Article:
Feeding your body certain foods may help keep your safe system strong. If you’re looking for ways to prevent winter colds and the flu, your first step should be a visit to your local grocery store. Plan your meals to include these 15 powerful immune system boosters.
How can you improve your immune system? On the whole, your immune system does a remarkable job of defending you against disease-causing microorganisms. But sometimes it fails: A germ invades successfully and makes you sick. Is it possible to intervene in this process and boost your immune system? What if you improve your diet? Take certain vitamins or herbal preparations? Make other lifestyle changes in the hope of producing a near-perfect immune response?
Many products on store shelves claim to boost or support immunity. But the concept of boosting immunity actually makes little sense scientifically. In fact, boosting the number of cells in your body immune cells or others is not necessarily a good thing. For example, athletes who engage in “blood doping” — pumping blood into their systems to boost their number of blood cells and enhance their performance — run the risk of strokes.
Attempting to boost the cells of your immune system is especially complicated because there are so many different kinds of cells in the immune system that respond to so many different microbes in so many ways. Which cells should you boost, and to what number? So far, scientists do not know the answer. What is known is that the body is continually generating immune cells. Certainly, it produces many more lymphocytes than it can possibly use. The extra cells remove themselves through a natural process of cell death called apoptosis — some before they see any action, some after the battle is won. No one knows how many cells or what the best mix of cells the immune system needs to function at its optimum level.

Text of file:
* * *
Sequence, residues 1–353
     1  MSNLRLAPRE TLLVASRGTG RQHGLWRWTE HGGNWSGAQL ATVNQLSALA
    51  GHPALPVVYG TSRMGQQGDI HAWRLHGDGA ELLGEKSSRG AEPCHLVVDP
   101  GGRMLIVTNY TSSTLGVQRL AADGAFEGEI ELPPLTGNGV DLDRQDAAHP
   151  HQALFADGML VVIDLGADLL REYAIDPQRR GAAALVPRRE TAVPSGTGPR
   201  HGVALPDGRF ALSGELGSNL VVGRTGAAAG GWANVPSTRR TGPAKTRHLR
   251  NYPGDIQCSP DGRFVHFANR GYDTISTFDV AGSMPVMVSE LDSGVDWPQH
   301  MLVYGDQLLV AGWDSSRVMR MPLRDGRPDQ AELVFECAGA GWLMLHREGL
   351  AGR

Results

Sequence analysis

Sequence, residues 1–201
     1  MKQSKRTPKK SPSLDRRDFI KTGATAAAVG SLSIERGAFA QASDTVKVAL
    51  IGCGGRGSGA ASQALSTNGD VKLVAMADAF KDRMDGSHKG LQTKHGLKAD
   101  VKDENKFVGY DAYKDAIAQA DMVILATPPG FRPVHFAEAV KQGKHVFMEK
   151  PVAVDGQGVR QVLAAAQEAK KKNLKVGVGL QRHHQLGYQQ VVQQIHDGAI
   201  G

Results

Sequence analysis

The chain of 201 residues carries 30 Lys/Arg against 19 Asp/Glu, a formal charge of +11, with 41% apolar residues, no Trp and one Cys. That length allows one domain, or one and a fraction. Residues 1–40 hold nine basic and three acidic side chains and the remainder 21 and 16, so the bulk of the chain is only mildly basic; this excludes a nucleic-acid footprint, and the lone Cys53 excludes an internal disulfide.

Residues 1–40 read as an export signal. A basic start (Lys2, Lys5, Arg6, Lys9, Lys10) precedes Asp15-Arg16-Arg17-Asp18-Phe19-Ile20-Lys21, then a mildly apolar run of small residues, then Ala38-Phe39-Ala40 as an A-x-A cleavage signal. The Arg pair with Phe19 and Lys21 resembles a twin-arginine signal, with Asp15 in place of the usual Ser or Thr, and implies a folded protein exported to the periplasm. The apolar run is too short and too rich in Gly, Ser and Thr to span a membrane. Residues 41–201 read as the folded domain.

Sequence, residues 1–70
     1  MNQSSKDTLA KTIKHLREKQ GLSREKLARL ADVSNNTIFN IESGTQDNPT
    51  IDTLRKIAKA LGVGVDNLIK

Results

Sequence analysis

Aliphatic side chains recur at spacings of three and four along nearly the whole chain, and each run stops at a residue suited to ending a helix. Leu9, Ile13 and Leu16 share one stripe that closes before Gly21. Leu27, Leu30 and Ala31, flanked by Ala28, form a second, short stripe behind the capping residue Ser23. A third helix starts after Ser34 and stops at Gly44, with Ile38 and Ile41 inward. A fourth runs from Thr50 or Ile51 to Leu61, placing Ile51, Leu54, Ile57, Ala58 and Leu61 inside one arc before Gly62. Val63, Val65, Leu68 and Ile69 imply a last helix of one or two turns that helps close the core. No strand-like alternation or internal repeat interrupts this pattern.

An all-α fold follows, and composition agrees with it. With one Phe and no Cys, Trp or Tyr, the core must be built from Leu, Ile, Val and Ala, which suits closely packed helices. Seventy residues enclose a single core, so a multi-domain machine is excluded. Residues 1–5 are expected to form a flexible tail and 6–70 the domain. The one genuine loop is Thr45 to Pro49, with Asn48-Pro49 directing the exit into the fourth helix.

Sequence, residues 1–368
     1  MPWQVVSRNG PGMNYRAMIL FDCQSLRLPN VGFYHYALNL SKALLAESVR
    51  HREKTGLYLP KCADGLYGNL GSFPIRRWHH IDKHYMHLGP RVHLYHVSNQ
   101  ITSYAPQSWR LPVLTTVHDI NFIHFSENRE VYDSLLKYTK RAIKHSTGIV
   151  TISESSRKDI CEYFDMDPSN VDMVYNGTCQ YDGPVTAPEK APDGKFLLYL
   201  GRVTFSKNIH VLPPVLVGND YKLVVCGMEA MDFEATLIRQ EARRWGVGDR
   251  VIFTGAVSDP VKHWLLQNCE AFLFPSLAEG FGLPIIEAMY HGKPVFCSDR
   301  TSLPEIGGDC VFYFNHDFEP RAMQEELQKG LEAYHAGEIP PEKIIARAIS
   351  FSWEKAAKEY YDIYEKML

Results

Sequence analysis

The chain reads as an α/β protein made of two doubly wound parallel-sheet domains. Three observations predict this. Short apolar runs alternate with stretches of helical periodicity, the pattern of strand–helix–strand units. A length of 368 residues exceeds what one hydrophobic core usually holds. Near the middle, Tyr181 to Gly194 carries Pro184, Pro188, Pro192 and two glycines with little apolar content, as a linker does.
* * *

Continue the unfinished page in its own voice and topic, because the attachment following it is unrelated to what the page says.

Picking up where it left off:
Modern medicine has come to appreciate the closely linked relationship of mind and body. A wide variety of maladies, including stomach upset, hives, and even heart disease, are linked to the effects of emotional stress. Despite the challenges, scientists are actively studying the relationship between stress and immune function.
For one thing, stress is difficult to define. What may appear to be a stressful situation for one person is not for another. When people are exposed to conditions they regard as stressful, it is difficult for them to measure how much stress they feel, and difficult for the scientist to know if a person’s subjective impression of the amount of stress is accurate. The scientist can only measure things that may reflect stress, such as the number of times the heart beats each minute, but such measures also may reflect other factors.
For the next few weeks, ditch the wine, beer and cocktails. Instead, brew up hot tea drinks made with immune-boosting herbs like andrographis, elderberry, and astragalus. Add bone broth to your repertoire as well. Broths made from healthy, grass-fed animals deliver amino acids like arginine, glutamine and glycine — all of which are excellent immunity reinforcements.
Ginger, garlic, turmeric, cinnamon, thyme and cayenne pepper — load them on! Not only will they add considerably more flavor to everything you eat, but they also provide powerful anti-inflammatory, anti-fungal and antiviral benefits. Plus, they aid in digestion.